“Freeze and let me see your hands!” Fosdick’s raspy voice cut through the warehouse from behind me.  My stomach turned over and a chill went up my spine.

“Gun out, slowly.  Throw it to the side. Good. Now turn around… slowly.”

I turned and saw the forty-five in Fosdick’s right hand with its ugly death hole pointing at the center of my chest.  Behind it, Fosdick’s boozy pink face smiled from above his cheap rumpled suit and thrift store overcoat. The satchel in his left hand probably held the other half of the crew’s swag.

“Throw me your keys,” he said.  I threw them across the warehouse so that they landed right at his feet. But he was too clever to reach for them and just gloated.

“Detective Fosdick,” I said, “I anticipated that you would come here in person.”

“Frankie. Or, should I call you ‘Detective Keegan’ from IA?” he scoffed. “I had a notion that my text would smoke out the rat. You’re early.”

“I predicted a trap, so I came an hour ahead of time.”

“Wanted the other half of the money for yourself, did you?” he asked lifting the satchel for emphasis. “I planned for that, which is why I have Markus guarding it in the manager’s office.”

“Markus, get your ass out here, now!” he called out.

“I foresaw that possibility,” I said. “Markus is in the manager’s office but the only way he’s going anywhere is when the M.E. wheels him out in a body bag.”

“Two dirty cops,” Fosdick laughed. “Well, only one of us is walking away from this.”

I saw him brace his right arm as he took careful aim.  Even though I was sure of what was going to happen, I still felt my stomach muscles tighten inward and my breath catch.

Fosdick pulled the trigger and the gun simply clicked. He must have really wanted me dead because he clicked me five more times.

“You’ve got to be careful who you sleep with,” I said to his startled, wide-eyed face. “I flipped Maggie two weeks ago. I expected that 45 of yours might be a problem, so I had her slip duds into your gun last night while you were sleeping.”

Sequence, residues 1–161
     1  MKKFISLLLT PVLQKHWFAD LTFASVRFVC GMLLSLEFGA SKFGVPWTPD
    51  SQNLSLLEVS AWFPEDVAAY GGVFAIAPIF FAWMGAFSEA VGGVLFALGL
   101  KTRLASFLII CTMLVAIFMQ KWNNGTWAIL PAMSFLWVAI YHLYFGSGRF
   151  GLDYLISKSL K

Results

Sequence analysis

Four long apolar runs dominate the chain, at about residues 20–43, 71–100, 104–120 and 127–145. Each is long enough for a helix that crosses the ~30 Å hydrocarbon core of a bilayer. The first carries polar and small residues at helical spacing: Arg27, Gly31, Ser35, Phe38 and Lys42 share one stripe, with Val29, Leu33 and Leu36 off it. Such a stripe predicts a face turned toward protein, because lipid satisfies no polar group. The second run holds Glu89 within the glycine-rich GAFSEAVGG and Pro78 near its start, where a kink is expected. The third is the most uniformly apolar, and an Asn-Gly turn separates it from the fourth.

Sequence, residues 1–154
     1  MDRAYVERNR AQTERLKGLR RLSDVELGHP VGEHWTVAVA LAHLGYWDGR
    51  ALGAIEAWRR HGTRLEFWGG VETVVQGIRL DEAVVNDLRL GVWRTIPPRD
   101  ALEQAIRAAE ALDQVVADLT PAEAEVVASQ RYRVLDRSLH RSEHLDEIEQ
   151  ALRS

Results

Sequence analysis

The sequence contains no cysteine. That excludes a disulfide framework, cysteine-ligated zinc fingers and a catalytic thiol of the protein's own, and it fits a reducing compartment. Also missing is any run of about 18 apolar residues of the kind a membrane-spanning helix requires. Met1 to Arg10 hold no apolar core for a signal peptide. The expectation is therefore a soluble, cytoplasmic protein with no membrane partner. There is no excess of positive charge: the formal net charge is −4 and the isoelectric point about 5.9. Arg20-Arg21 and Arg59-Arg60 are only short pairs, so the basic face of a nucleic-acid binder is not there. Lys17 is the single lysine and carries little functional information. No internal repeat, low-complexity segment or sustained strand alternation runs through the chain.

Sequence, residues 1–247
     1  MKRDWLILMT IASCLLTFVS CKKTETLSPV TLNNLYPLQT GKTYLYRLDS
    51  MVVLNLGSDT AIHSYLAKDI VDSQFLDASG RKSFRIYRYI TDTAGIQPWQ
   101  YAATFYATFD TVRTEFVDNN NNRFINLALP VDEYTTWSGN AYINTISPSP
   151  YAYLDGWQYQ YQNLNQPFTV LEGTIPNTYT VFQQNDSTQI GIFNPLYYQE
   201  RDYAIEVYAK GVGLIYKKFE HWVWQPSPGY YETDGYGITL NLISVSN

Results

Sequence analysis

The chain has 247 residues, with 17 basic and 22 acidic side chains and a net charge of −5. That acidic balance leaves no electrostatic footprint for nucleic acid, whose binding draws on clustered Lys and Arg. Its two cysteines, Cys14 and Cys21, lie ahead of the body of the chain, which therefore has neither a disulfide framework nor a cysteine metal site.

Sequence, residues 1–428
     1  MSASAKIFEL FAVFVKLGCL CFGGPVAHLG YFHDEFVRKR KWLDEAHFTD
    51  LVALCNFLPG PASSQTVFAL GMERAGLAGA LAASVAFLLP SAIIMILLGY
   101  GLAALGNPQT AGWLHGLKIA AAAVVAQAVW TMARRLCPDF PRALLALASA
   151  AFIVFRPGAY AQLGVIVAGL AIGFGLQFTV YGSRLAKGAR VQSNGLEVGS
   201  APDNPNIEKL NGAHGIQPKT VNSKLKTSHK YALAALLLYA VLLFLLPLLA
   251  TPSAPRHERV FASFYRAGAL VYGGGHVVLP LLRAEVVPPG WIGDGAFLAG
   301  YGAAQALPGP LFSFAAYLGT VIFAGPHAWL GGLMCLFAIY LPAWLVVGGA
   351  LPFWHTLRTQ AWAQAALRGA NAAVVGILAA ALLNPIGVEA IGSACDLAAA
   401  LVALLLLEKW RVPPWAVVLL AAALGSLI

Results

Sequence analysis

Fosdick’s gun clattered to the floor and a wild look filled his face.  I dropped to one knee and went for the 22 in my ankle holster as Fosdick reached into his overcoat.  A 22 emerged in his hand as I brought mine up and out.  We each popped off a quick round and each jolted backwards in surprise and shock as bullets struck our chests. Then, we both regained our composures and pointed our guns at one another across the warehouse.

“I assumed it might come to shooting,” I said, “That’s why I’m wearing a vest.”

“I planned for that too,” Fosdick said, rubbing his left hand over the hole in his shirt and keeping his gun pointed at me.

“So, what; we shoot it out with 22’s from this distance?” he asked.

“Center mass, Fosdick, center mass. Take that away and it’s unlikely that either of us is going to get a head shot except by dumb luck.”

“Right, so I am going to walk out this door with my half of the take. Give me five minutes and then grab what Markus was guarding in the office.”

“You aren’t going to get very far,” I said, “I supposed you might attempt to flee, so I put a BOLO on you before I came here, tonight.”

“I envisaged that could happen. That’s why I have your car keys,” he said scooping them up from the floor while keeping me covered.

“I’m going out that door and by the time you get to it, I’ll be gone.”

Fosdick picked up his satchel and backed his way to the door. He took one last long look at me, then wheeled around, grabbed the handle, and was out.

“You lose!” he called back.

I stood there waiting. I heard my car door close. I heard my engine turning over. Then, the loud bang of the explosion rocked the building.

 “I anticipated that,” I said.

~ fin ~


Michael A. Raithel is the author of five computer programming books, over 200 technical papers and programming blogs, and a book of computer humor: It Only Hurts When I Hit ENTER. 

He works as a systems analyst in a research firm in the Washington, DC suburbs during the day and writes crime and science fiction stories at night.  Michael is a lifelong gym rat and an avid marathoner.